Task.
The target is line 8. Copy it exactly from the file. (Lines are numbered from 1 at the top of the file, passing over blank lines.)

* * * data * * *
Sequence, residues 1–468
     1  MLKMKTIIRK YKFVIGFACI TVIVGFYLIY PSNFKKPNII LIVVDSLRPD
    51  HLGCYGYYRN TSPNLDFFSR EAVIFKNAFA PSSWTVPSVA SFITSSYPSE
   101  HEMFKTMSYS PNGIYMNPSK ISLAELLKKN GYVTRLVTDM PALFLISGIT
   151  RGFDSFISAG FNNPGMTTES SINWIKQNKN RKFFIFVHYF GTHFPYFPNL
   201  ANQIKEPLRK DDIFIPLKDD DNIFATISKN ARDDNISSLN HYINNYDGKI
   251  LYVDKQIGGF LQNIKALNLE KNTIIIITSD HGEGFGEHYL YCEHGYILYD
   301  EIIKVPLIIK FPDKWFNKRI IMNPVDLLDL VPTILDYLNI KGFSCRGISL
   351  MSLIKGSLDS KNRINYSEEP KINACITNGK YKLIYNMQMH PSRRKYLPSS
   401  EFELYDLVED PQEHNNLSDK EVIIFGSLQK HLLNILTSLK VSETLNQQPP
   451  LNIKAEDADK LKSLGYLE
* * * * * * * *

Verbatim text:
   301  EIIKVPLIIK FPDKWFNKRI IMNPVDLLDL VPTILDYLNI KGFSCRGISL